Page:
Cooperative governance

With about 21,670 cooperatives registered under RA 9520, (as of June, 2012), doing credit, consumers, multi-purpose, services and marketing, the Cooperatives Development Authority is doing its best to supervise and provide guidance to the cooperative sector. It needs though a total review of its operational guidance if they wish to see improvement in the governance aspect of cooperative pperations.

Wikipedia defines Governance for non-profit organizations like cooperatives as - ''consistent management, cohesive policies, guidance, processes and decision-rights for a given area of responsibility. ''

It simply refers to how elected and appointed officials of cooperatives execute the role, rights and obligations as dictated by RA 9520 - The New Cooperatives Act.

RA 9520 codified and merged several Cooperative Laws including PD. 175, and RA 6938. After existing for more than 5 years, many believe that an indepth review of certain provisions is in order.

Take a look for instance at the principle of cooperation at all levels. Under the law, groupings that were existing under RA 6938 were accommodated. Primaries were encouraged to form unions (those that provide non-business services) and federations (those providing businesses services). A primary can therefore have dual affiliation. This means also that they are duty bound to support financially these tertiary groupings through membership dues and remittance of the portion of their Cooperative Education and Training Fund (CEFT).

In addition, to the secondary and tertiary affiliations, a primary can also join national groups of their particular industry or sector as these ''national groups'' were already existing prior to the enactment of RA 9520. With this scenario, a primary could have more than two affiliation.

Decades ago, a simple yet effective structure exists for the sector. There were no federations yet, just primaries and unions and an apex organization. CETF was not an issue. Services were efficiently being delivered. Today, it seems that a lot of groups are organized and everyone has to talk to the CDA about their own agenda. It is not surprising anymore to see more tertiary and national groups are being formed to represent their particular interest. Workers coops, government hospital workers, OFW groups are now in a huddle to form their own interest group.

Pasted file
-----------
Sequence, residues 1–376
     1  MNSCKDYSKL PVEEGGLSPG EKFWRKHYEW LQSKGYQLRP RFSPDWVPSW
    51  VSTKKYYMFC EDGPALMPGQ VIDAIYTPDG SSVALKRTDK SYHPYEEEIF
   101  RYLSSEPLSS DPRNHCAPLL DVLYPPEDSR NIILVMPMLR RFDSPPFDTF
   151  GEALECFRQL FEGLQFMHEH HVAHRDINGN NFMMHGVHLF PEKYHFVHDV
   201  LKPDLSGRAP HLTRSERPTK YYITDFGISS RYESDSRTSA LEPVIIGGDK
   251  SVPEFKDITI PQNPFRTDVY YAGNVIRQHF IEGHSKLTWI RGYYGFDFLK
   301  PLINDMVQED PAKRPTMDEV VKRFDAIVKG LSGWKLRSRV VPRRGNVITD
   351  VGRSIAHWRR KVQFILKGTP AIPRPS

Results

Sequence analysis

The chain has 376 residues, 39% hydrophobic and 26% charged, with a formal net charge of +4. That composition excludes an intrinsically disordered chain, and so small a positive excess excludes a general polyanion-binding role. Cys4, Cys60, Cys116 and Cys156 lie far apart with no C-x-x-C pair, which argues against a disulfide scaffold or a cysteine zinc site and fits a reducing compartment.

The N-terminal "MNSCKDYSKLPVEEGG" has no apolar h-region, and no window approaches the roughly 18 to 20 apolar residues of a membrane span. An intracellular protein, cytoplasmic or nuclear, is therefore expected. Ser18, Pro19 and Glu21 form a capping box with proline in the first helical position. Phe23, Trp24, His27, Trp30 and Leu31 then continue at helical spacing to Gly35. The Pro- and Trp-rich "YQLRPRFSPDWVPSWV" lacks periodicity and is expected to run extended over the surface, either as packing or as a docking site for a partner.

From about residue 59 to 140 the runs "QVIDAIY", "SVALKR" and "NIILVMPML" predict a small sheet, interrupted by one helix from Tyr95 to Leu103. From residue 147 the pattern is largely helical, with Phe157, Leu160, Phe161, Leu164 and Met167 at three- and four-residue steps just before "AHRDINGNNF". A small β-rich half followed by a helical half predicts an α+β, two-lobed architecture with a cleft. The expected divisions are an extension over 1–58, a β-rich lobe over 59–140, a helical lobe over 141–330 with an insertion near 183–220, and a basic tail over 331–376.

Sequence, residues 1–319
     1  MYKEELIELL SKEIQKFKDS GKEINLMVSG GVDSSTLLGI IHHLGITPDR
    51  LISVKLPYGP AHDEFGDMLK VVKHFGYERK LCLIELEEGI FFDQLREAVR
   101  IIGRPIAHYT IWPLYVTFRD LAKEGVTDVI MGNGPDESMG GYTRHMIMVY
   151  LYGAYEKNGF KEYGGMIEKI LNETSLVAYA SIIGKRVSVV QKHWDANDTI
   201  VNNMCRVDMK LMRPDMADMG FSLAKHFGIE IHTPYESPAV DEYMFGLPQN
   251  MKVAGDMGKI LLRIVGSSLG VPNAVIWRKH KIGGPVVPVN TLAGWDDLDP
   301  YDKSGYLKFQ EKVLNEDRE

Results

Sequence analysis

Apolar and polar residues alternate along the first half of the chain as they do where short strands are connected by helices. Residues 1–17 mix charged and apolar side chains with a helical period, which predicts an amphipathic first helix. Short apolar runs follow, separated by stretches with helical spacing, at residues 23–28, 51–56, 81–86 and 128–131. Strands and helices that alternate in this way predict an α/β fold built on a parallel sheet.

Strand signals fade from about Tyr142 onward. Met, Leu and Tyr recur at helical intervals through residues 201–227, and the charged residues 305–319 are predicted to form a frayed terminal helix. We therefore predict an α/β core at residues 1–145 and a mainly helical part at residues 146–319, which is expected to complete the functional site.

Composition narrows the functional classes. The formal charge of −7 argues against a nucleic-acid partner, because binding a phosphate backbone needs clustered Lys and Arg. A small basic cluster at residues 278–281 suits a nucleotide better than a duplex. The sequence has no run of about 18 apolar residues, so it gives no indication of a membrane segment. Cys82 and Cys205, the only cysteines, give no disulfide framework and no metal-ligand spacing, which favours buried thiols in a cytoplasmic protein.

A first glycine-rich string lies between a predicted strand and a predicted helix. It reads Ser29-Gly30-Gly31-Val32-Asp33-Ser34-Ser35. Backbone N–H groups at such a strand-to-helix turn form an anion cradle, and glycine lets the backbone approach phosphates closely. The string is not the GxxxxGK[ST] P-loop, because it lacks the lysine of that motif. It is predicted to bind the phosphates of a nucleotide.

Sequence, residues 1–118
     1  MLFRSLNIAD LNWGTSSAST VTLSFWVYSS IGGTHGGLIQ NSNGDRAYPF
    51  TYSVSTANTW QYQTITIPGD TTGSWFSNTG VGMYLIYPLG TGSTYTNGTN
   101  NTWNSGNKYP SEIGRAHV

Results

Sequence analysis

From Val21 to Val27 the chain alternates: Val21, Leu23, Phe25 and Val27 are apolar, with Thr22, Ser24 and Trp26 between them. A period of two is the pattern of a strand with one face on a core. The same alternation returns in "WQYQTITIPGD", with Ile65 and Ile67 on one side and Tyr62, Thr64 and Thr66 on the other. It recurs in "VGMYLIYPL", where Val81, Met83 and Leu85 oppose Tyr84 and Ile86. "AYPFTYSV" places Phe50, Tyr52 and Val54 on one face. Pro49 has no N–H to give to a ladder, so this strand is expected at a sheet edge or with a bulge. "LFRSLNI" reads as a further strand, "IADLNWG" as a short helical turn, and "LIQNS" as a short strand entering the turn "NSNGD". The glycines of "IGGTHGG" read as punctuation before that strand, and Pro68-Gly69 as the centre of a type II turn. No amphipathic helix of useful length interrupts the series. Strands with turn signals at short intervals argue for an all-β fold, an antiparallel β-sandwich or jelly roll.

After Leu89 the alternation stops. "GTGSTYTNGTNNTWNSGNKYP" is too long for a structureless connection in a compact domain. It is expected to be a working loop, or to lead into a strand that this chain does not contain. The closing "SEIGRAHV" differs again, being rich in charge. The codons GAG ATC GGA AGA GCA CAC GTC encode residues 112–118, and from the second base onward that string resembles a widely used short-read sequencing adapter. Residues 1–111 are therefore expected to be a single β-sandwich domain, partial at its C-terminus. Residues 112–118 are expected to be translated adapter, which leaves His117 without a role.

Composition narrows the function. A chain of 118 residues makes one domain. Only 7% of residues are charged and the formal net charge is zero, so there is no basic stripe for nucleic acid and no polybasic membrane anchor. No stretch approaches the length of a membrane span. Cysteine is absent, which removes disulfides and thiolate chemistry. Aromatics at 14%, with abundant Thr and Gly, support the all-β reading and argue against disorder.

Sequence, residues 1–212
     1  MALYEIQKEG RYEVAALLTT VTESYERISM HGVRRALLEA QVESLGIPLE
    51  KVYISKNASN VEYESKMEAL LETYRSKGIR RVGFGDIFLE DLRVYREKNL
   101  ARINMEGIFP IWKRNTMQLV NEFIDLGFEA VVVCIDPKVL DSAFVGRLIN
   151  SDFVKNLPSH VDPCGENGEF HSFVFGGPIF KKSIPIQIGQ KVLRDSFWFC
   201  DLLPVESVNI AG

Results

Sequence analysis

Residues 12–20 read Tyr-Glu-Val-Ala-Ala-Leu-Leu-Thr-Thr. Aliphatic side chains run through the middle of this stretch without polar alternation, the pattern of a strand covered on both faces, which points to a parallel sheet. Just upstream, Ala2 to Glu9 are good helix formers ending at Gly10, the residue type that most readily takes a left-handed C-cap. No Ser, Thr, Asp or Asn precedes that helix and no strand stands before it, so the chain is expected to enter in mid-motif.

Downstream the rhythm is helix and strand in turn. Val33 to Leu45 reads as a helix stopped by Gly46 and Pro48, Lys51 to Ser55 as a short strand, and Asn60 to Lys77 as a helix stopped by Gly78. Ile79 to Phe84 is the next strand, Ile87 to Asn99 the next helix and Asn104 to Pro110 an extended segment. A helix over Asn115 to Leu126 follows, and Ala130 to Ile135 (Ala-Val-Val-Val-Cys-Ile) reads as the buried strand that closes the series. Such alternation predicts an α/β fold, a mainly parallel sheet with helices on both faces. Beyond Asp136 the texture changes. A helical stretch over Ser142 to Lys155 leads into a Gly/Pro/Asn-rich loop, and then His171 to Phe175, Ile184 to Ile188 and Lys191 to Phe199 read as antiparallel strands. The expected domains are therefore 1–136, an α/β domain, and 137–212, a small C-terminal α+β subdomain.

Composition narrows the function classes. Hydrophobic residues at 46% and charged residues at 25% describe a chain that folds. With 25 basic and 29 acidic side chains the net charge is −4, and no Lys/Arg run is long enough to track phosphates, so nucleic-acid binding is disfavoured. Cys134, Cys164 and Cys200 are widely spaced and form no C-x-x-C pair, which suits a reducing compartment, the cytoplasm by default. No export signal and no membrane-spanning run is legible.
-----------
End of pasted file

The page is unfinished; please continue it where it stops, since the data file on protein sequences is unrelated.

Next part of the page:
Where is the flaw? Under the law ( see Art. 28 No. 2 ) ''Cooperatives may , (underscore may), remit one half of their Cooperative Education and Training fund (CETF) to the Union or Federations of which he is affiliated with'' therefore it is not surprising to see instances where primaries or secondaries do not remit the portion due to their secondary or tertiary because they hide behind the ''may'' provisions.

Another issue affecting cooperative governance is in the following article -

''ART. 45. Liability of Directors, Officers and Committee Members. - ''Directors, officers and committee members, who are willfully and knowingly vote for or assent to patently unlawful acts or who are guilty of gross negligence or bad faith in directing the affairs of the cooperative or acquire any personal or pecuniary interest in conflict with their duty as such directors, officers or committee members shall be liable jointly and severally for all damages or profits resulting therefrom to the cooperative, members, and other persons.''

Up to this point in time, popularity is still the name of the game. You can still find the general assemblies of primaries or secondaries, repeatedly electing people to hold responsible positions who have not done much or showed commitment to his position.

Third issue is the training and development of cooperative officers. While every primary were given two years to complete these required training courses, the CDA have limited their accreditation of trainors to leaders and members with practical cooperative involvement. However, a partial list of the kind of training being required such as Internal Control, Strategic Planning, Financial Management, Audit, Mediation, Parliamentary procedures shows such diverse topics on the training needs. The question is: Can the seasoned accredited members be in a position to handle and provide such training requirements? Why not consider accrediting academic institutions (UP, DLSU, UAP or PUP), professional groups like FINEX and PICPA or PAMA, or even private training practitioners to provide such training requirements?

It's a tall order for the Cooperatives Development Authority. They have done a lot in terms of issuances of guidelines , implementing reportorial requirements and promotions of new coops but leaving these areas of concern unanswered remains a big stumbling block towards making cooperatives to be self-funded, self-managed and self-responsible.

If we wish to have stronger cooperatives, let us think of employing professional managers, develop more stringent requirements to qualify to run for any office and most of all use all the reportorial requirements to see how each one comply and progress in their management.

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